When the Rockies decide to start selling off high-priced veterans the Orioles figure to make a run at left-hander Jorge De La Rosa, according to Dan Connolly of the Baltimore Sun.
Connolly reports that the Orioles “have been closely monitoring and gathering background information” on De La Rosa, who started on Opening Day for the Rockies and has posted a 4.70 ERA in 18 starts overall this season at age 33.
De La Rosa was much more effective last season and also had a very strong 2011 campaign in Colorado, but considering his age, injury history, and the $5 million or so remaining on his contract for the second half he seems unlikely to command a huge return in trade.
Baltimore came into the season with plenty of rotation depth, including top prospect Kevin Gausman at Triple-A, but Chris Tillman, Ubaldo Jimenez, Wei-Yin Chen, and Miguel Gonzalez all have ERAs above 4.00 and Bud Norris isn’t much ahead of them at 3.96. Still, for the Orioles to add a veteran starter like De La Rosa at the trade deadline there would seemingly have to be another move at play.
Jon Heyman reports that the Nationals are closing in on a deal with catcher Matt Wieters. Joel Sherman of the New York Post reports that it’s a two-year deal. UPDATE: Ken Rosenthal reports that the deal is for two years, at $21 million. There is an opt-out for him after year one. He will get $10 million in 2017 and, if he returns in 2018, he’ll get $11 million.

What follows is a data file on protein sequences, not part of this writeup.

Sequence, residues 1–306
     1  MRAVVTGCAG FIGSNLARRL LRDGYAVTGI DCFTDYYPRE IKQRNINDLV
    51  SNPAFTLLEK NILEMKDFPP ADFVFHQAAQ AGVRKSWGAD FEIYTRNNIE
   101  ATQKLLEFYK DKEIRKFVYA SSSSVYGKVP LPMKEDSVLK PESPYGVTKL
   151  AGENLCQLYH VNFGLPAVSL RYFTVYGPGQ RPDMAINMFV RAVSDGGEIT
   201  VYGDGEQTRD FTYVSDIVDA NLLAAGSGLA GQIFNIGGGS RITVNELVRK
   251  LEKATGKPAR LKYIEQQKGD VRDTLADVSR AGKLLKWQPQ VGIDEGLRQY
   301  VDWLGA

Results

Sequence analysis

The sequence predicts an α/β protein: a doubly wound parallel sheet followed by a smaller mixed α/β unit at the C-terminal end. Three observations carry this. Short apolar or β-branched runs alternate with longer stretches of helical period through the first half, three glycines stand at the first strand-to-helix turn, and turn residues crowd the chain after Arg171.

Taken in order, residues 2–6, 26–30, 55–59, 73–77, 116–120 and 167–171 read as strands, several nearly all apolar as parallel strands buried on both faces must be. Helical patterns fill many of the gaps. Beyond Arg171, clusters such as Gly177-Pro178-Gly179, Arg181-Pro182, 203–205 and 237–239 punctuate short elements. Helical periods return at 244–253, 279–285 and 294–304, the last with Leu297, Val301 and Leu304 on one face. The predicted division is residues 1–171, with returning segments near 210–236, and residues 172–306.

Wieters was not expected to go this long without signing, but his market, which many thought would be robust, never materialized. The Nats had been rumored to be interested for months, but they were apparently waiting to swoop in late and get what one presumes will be a bargain.
Wieters, 30, finished last season hitting .243/.302/.409 with 17 home runs and 66 RBI in 464 plate appearances. The Nationals currently have Derek Norris and Jose Lobaton, so who falls where in the catcher fight in Washington is unclear, but one presumes that Wieters getting a two-year deal puts him at the top of the depth chart.
Ken Rosenthal has an interesting story up about Sergio Romo as he begins spring training with his new team, the Los Angeles Dodgers.
There is some fun stuff about his family, all Dodgers fans from southern California, but the more notable stuff is about Romo himself, who has dealt with a lot more than has been reported over the past couple of seasons. The loss of three of his four grandparents is a big one, as it has thrust the mantle of head of the family on Romo in ways that he was not fully prepared for. There are also allusions to personal and psychological problems Romo has experienced — there is a vague suggestion of alcohol or maybe just late nights out and perhaps depression, but he is not specific about it — which he worked on with the help of friends and teammates on the Giants and which he now has overcome.
There’s always more going on the lives of baseball players than we as fans know.